# Solving Navier Stokes equations by projection method and predictor-corrector method.

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 February 9, 2017, 04:47 Solving Navier Stokes equations by projection method and predictor-corrector method. #1 Senior Member   Saideep Join Date: Apr 2015 Location: INDIA Posts: 203 Rep Power: 10 Hi guys; I am comparing two different CFD packages. OpenFoam and Gerris for studying two phase immiscible flow. According to OpenFOAM, the Navier Stokes equations are solved using a "Predictor-Corrector" step using PISO loop. In Gerris, the Navier Stokes equations are solved by a "time splitting Projection" method. Though from my understanding the summary of both the methods are the same: 1. Using an initial guess of pressure find an intermediate velocity (which considers the viscous and convective terms of present time step) field that is not mass conservative; 2. Using the non-divergent velocity field, update the pressure field by solving "Poissons equation"; 3. With known data on the correct pressure for present time step along with intermediate velocity field known update a mass conservative velocity field. However, I am unable to catch the difference between Chorin's projection method and Issa's PISO loop. Can anyone help me out? Thanks; SaiD

 February 9, 2017, 07:36 #2 Senior Member   Filippo Maria Denaro Join Date: Jul 2010 Posts: 6,041 Rep Power: 64 Projection methods are based on the Hodge decomposition: in each time step, the intermediate velocity is projected onto the subspace of divergence-free velocity field by solving the Poisson equation. That is solved only once in each time step and is not iterated in "outer" iteration.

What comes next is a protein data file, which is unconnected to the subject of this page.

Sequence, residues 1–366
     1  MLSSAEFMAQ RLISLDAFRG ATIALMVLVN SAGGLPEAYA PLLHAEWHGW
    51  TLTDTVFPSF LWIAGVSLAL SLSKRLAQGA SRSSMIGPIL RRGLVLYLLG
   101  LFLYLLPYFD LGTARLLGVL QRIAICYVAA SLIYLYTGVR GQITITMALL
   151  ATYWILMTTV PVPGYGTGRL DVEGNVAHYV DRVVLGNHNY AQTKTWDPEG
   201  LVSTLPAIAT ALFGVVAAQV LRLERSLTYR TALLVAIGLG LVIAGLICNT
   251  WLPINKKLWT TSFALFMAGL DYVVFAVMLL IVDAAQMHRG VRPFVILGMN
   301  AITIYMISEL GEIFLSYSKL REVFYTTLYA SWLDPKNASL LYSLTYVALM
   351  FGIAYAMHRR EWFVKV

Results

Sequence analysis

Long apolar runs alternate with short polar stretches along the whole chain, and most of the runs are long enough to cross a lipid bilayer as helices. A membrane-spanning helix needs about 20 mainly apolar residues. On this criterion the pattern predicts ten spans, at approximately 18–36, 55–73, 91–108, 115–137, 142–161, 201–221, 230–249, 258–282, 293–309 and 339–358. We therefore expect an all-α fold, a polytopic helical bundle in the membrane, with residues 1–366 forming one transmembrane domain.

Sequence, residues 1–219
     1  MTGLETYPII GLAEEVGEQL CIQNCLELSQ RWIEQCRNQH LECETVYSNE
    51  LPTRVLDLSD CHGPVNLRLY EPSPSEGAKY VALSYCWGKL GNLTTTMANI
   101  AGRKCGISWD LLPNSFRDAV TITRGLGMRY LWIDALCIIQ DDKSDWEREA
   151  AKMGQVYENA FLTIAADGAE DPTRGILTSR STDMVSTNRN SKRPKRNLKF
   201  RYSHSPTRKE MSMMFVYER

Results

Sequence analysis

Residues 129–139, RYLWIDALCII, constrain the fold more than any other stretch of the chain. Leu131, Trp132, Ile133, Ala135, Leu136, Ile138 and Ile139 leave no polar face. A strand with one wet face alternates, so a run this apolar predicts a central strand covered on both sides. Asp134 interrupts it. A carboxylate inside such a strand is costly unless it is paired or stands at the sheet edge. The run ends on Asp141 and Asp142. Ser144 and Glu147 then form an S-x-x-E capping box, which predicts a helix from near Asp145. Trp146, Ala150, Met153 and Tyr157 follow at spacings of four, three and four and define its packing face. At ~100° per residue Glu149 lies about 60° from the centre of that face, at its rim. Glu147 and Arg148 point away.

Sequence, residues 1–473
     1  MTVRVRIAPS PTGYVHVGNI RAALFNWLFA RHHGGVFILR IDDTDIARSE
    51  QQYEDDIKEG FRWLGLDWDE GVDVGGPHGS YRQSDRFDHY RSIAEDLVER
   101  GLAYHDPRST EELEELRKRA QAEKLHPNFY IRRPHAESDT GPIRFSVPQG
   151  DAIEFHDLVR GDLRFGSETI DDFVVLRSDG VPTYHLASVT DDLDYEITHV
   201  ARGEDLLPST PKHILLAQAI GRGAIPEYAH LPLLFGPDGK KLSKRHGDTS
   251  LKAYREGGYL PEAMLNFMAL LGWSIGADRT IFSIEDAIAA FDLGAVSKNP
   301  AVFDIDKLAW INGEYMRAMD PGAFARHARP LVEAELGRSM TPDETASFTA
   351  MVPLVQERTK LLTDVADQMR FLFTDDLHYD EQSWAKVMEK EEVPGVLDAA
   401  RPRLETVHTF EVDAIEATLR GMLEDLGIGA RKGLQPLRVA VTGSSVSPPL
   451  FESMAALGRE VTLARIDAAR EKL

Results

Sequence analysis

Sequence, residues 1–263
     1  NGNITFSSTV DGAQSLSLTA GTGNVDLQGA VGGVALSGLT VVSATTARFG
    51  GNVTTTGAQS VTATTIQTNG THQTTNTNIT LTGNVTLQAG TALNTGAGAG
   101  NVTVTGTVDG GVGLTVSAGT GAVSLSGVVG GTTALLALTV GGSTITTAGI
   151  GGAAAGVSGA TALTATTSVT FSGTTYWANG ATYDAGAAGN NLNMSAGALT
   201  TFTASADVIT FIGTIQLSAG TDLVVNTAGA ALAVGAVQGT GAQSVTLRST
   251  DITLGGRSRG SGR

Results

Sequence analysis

February 9, 2017, 08:44
#3
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Kaya Onur Dag
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Quote:
 Originally Posted by Saideep Hi guys; I am comparing two different CFD packages. OpenFoam and Gerris for studying two phase immiscible flow. According to OpenFOAM, the Navier Stokes equations are solved using a "Predictor-Corrector" step using PISO loop. In Gerris, the Navier Stokes equations are solved by a "time splitting Projection" method. Though from my understanding the summary of both the methods are the same: 1. Using an initial guess of pressure find an intermediate velocity (which considers the viscous and convective terms of present time step) field that is not mass conservative; 2. Using the non-divergent velocity field, update the pressure field by solving "Poissons equation"; 3. With known data on the correct pressure for present time step along with intermediate velocity field known update a mass conservative velocity field. However, I am unable to catch the difference between Chorin's projection method and Issa's PISO loop. Can anyone help me out? Thanks; SaiD

have a look at the red ferziger, this is covered in that book and explanations are very easy to get